HOW LOW CAN IT GO? -- Seattle is being hit particularly hard at the turnstiles. [Seattle Times ]

UBIQUITOUS OBLUQUE -- I missed this earlier this week, but heard Tim McCarver bring it up during yesterday's Mets-Braves games -- Michael S. Schmidt of the New York Times wrote a great article about the oblique injury, noting 14 players had gone on the DL this year with an oblique injury. Also, before MRI technology improved to its current point, the injury had been called rib cage or abdominal injuries, the diagnosis is just better nowadays.

BIG DRAFT -- What if you had to pick from Troy Tulowitzki, Ryan Zimmerman, Ryan Braun, Justin Upton, Ricky Romero, Andrew McCutchen, Jay Bruce, Mike Pelfrey, Wade Townsend, Chris Volstad, John Mayberry Jr., Jacoby Ellsbury, Colby Rasmus or Clay Buchholz? The 2005 draft offered those choices. [Milwaukee Journal-Sentinel ]

WRIGLEY GRIDIRON -- The Cubs and Northwestern want to continue playing football games at Wrigley Field, despite the challenges they faced this season. In the end, money wins. [Chicago Tribune ]

TUCSON HOME -- Padres owner Jeff Moorad said Tucson will be the Triple-A home for the Padres for at least another year and could be an option if the team isn't able to get funding for a park in Escondido, Calif. [Arizona Daily Star ]

A DIFFERENT MANNY -- Manny Ramirez changed when he went to Boston. [Akron Beacon-Journal ]

HOT DOGGIN' -- A look at the best and craziest hot dogs at ballparks this season. I'm thinking about getting that Meat Lovers Dog at Great American Ball Park later today. I'll take pictures. In the name of "journalism" of course. I'm also curious about the Bahn Mi Dog at Nationals Stadium and [SeriousEats.com ]

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Posted on: April 14, 2011 1:58 am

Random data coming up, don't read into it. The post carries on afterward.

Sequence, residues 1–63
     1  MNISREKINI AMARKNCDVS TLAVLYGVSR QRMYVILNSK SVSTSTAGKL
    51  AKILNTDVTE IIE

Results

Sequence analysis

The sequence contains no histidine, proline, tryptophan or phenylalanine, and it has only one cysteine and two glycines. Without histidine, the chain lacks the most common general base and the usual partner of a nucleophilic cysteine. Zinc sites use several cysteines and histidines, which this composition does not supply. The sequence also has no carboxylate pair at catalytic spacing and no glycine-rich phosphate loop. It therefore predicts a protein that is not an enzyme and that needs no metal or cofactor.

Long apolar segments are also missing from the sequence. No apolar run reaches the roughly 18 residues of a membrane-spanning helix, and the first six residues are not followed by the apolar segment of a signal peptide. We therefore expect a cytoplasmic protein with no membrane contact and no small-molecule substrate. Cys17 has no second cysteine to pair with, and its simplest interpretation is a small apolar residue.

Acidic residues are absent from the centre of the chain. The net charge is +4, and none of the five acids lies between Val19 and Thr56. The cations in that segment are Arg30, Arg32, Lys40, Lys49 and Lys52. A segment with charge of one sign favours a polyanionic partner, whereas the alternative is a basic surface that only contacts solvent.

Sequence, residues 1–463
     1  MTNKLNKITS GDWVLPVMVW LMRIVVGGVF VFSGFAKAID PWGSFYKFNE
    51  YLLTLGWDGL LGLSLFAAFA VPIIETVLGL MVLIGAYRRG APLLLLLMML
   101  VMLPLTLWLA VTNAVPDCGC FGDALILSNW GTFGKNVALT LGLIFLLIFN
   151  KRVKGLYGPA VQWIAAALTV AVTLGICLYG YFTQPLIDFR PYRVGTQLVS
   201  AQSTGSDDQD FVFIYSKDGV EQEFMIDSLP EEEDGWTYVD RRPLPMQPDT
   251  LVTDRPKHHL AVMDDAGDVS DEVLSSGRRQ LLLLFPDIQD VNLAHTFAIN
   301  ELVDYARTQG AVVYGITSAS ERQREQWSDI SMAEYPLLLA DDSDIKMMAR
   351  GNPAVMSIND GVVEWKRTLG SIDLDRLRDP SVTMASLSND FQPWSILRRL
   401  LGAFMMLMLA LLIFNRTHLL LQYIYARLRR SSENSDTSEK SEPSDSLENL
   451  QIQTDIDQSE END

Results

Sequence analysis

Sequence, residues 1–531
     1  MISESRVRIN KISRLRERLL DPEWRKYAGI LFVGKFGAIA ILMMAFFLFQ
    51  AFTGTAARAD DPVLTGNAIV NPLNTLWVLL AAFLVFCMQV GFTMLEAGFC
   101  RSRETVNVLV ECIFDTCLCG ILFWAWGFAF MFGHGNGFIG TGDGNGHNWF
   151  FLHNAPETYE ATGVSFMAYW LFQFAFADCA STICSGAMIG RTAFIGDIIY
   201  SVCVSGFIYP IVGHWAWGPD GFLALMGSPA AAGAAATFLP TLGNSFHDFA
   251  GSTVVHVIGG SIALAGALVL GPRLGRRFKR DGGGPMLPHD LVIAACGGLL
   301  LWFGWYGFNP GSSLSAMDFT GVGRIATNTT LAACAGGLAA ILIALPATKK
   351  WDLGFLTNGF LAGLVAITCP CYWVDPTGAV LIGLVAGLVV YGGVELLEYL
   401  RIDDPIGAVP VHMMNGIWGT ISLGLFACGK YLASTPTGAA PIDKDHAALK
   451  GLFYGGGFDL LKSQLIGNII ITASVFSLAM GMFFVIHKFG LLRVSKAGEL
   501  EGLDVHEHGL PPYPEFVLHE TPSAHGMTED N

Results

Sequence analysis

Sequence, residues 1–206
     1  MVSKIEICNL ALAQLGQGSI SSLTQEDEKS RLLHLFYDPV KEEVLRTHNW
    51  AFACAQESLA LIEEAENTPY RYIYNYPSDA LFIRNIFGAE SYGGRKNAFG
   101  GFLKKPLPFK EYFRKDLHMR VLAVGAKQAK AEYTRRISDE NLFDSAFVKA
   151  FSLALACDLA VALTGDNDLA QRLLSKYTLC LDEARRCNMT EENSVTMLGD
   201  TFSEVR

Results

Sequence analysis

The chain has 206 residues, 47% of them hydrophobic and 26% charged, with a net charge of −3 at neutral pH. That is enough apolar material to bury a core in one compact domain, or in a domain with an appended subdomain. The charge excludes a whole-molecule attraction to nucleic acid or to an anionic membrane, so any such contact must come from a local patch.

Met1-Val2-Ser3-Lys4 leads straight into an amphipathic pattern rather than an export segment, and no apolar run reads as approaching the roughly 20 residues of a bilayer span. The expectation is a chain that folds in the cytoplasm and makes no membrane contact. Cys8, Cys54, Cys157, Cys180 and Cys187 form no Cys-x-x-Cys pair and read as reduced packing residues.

3 up, 3 down for 4/13: Johnson's no-no bid

By C. Trent Rosecrans

Josh Johnson3UP

Josh Johnson, Marlins -- It's no surprise when Florida's Josh Johnson flirts with a no-hitter. He's the type of pitcher it seems like he'll throw one one of these days, maybe even in his next start. On opening day he took a no-hitter into the seventh inning and Wednesday night he took one into the eighth inning before Freddie Freeman doubled with one out in the eighth.

Lance Berkman, Cardinals -- Berkman homered for his third consecutive game and made it count, launching a grand slam in the second inning of the Cardinals' 15-5 victory over the Diamondbacks.  He also had an RBI ground-out in the two-run first. Over the last three games he's 6 for 13 with four homers and 10 RBI. He had just six hits in the first eight games of his Cardinals tenure.

Brian Wilson, Giants -- Before Wednesday night's game against the Dodgers, manager Bruce Bochy said closer Brian Wilson was cleared to pitch back-to-back nights. Tuesday he picked up his first save of the season, Wednesday it was his second. After starting the season on the disabled list and then two bad outings, Wilson looks like his old self again, working perfect innings for the save each of the last two nights.

3DOWN

Nick Masset, Reds -- With Ozzie Guillen picking on the White Sox bullpen, we'll avoid doing so. But we'll still point out a former White Sox reliever, Masset, who blew a save for the third straight game on Wednesday. He had some help from an error by catcher Ryan Hanigan and came in with a runner on in the eighth inning, but he then gave up the winning run in the ninth. The Reds rebounded from his blown save on Tuesday to win in extras. Masset now has an ERA of 9.95 in five appearances (his ERA actually went down with Wednesday's performance). Masset had an ERA of 11.32 after April last season before finishing at 3.40 and as one of the Reds' top performers in the bullpen.

Juan Pierre, White Sox -- Pierre's not having a good week. On Monday, Pierre dropped a fly ball, leading to a White Sox loss. On Wednesday, he was 3 for 4 and reached base five times, but was picked off twice and picked up his third error of the season. Pierre had made just one error in each of the last two seasons.

Attendance -- If Johnson had thrown a no-hitter in Atlanta on Wednesday, he would have done it in front of the second-smallest crowd in Turner Field history. Only Tuesday's crowd of 13,865 was less than the 14,351 for Wednesday's game. The Pirates played in front of the seventh-smallest crowd in PNC Park history, 8,755.

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The views expressed in this blog are solely those of the author and do not reflect the views of CBS Sports or CBSSports.com